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There may be some merit to the suggestion that Republican lawmakers should go ahead and legalize the recreational use of marijuana to keep the question off the ballot in November.

Pot legalization has proven to be a voter turnout driver in other places where it’s appeared on the ballot, and voters motivated by the issue tend to be more liberal and thus more inclined to cast the rest of their votes for Democrats.

Early indications already suggest the possibility of a heavier than normal Democratic turnout. Liberal voters angered by President Donald Trump have been tilting special elections to Democrats across the country.

The pot measure is likely to pass anyway, according to polls. Republicans may buy some favor with the electorate, while keeping single issue voters at home, by pre-emptively enacting the proposal.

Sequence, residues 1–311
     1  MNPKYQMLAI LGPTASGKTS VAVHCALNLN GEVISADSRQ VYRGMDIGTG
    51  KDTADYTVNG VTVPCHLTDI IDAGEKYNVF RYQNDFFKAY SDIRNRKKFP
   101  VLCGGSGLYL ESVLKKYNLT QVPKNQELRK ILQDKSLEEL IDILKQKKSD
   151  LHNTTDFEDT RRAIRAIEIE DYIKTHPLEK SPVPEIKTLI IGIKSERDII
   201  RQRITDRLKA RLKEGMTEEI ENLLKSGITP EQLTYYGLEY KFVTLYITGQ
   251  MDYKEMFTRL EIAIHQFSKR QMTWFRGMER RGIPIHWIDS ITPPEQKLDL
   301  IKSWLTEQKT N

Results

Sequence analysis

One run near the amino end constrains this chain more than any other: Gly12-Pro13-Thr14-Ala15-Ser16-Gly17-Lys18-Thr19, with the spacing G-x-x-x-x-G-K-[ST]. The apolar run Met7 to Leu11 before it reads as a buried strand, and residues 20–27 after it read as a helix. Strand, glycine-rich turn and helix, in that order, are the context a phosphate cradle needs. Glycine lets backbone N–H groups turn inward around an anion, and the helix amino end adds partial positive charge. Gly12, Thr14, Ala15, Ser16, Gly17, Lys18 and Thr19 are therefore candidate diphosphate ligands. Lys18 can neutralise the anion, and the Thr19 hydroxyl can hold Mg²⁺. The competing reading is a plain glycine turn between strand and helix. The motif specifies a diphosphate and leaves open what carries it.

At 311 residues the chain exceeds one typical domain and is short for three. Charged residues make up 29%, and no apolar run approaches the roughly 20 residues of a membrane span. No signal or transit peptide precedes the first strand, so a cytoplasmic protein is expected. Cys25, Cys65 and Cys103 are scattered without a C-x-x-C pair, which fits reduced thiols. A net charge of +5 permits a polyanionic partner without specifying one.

It wouldn’t be the first time they’ve made such a move. In 2006, Republican lawmakers struck a deal with Democratic Gov. Jennifer Granholm to raise the minimum wage to head off a ballot proposal that looked sure to pass and was likely to bring liberal voters flocking to the polls.

Legalizing the recreational use of pot might be a bigger stretch for Republicans. But with the measure polling above 60 percent, getting out in front of the vote would be smart strategy.

And it might cause younger, unaligned voters to view the GOP in a different light.

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